– Connectivity: Alpine literature generally comes in two flavours – the glossy panoramic photo book, or the dry, technical tour guide. The first waters your mouth, and the second gives you the raw data. If you'd like to have some subjective anecdotes to go with your tour, you'll have to start reading blogs.

Connecting very closely with the authors – professional tour guides with a keen visual eye – we created a core working group of four people, ranging from highly professional to complete newbie, but all with a 200% drive and willingness to put in all the extra hours needed to arrive at what we consider our solution to the above:

The Ski & Snowboard Tourenatlas Schweiz is a mammoth and an elite gymnast. A package consisting of a book, 30 maps and a mobile app, all of which, in their own way, redefine old patterns: A new map design enables compactness and cost efficiency while adding more detail; A (free) app acting as a portable filter for the 1200+ routes; A book combining beautiful imagery and personal anecdotes with professional tour data. At the heart of everything lies a new kind of peak visualisation, showing you the ascension, steepness, exposure, time estimate and stops for all routes on a single peak.

The Ski & Snowboard Tourenatlas Schweiz is a Book-Maps-App package for alpine touring. With 30 areas, 400 peaks and 1200 routes, it covers a significant part of the Swiss alps, and presents it all from three different perspectives, for different situations:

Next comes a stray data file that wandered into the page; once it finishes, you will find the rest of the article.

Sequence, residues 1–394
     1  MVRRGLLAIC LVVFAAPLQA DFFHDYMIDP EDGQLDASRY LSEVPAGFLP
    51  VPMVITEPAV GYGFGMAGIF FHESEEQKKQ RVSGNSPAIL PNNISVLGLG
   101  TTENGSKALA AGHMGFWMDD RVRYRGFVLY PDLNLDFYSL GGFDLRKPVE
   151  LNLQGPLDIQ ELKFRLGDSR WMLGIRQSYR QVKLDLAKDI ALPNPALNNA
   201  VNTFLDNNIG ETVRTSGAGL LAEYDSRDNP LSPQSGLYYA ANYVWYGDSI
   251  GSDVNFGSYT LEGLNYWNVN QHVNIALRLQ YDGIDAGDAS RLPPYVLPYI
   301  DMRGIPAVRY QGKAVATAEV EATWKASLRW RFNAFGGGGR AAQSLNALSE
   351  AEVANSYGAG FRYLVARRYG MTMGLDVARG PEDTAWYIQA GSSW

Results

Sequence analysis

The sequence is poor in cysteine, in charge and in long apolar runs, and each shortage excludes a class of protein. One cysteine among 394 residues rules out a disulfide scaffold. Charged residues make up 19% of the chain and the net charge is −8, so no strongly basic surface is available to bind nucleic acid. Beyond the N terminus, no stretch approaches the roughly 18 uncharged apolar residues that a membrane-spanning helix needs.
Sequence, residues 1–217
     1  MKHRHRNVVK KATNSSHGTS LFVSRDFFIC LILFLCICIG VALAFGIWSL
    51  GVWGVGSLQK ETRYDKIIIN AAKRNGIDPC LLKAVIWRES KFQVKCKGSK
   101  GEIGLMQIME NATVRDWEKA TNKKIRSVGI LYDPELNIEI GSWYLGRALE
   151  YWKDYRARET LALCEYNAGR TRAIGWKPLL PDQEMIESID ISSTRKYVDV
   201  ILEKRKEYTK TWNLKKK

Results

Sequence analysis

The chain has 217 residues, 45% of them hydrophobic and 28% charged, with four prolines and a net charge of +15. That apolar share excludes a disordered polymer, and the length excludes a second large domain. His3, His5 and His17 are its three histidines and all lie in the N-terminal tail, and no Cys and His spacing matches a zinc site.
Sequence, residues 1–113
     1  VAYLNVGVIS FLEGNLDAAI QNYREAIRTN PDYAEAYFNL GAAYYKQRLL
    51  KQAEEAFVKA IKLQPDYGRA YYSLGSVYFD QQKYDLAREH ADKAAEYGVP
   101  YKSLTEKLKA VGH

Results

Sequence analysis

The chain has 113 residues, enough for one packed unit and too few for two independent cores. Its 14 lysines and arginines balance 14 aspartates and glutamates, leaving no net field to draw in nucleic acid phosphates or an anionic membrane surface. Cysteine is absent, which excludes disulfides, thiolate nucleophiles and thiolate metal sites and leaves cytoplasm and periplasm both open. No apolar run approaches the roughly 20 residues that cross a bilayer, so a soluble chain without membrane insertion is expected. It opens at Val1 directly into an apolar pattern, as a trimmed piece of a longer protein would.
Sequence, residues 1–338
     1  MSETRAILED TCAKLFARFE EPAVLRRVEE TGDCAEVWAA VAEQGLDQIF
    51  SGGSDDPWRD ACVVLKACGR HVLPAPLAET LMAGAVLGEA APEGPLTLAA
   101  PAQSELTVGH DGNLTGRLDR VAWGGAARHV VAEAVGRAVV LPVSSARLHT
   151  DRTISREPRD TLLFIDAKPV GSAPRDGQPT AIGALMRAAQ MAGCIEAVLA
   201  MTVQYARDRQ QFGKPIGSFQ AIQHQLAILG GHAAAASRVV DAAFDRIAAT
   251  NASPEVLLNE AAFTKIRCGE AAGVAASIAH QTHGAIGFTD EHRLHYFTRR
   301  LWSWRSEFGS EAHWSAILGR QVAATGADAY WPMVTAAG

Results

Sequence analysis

The App, available for iOS and Android, acts as a portable filter. On the go, it makes it easy to spontaneously make a first selection for your weekend tour; enter a desired time and difficulty for your climb and descent, and the Tourenatlas app will give you a list of suitable areas and peaks to visit, listed by their distance from your current location. Selecting an area gives you a preview, with an overview map, a short description to each filtered peak, and a selection of photos to give you a first impression.

Once you arrive at home, the Book contains detailed descriptions for each area, complete with winter photography, infrastructure and logistics information, hand-painted overview maps and personal anecdotes from the authors. To that, route data for each peak within an area is listed using a clear and accessible form of diagram. Gone are the days of getting lost in complex tabular data, invisible hight curves and measuring instruments; among other things, these diagrams show you, at a glance, the entry, exit and peak elevations, the estimated climb time, the steepness of both climb and descent and route exposure. In your living room or on your kitchen table, this book provides all you need for proper tour planning, along with interesting impressions about the available areas.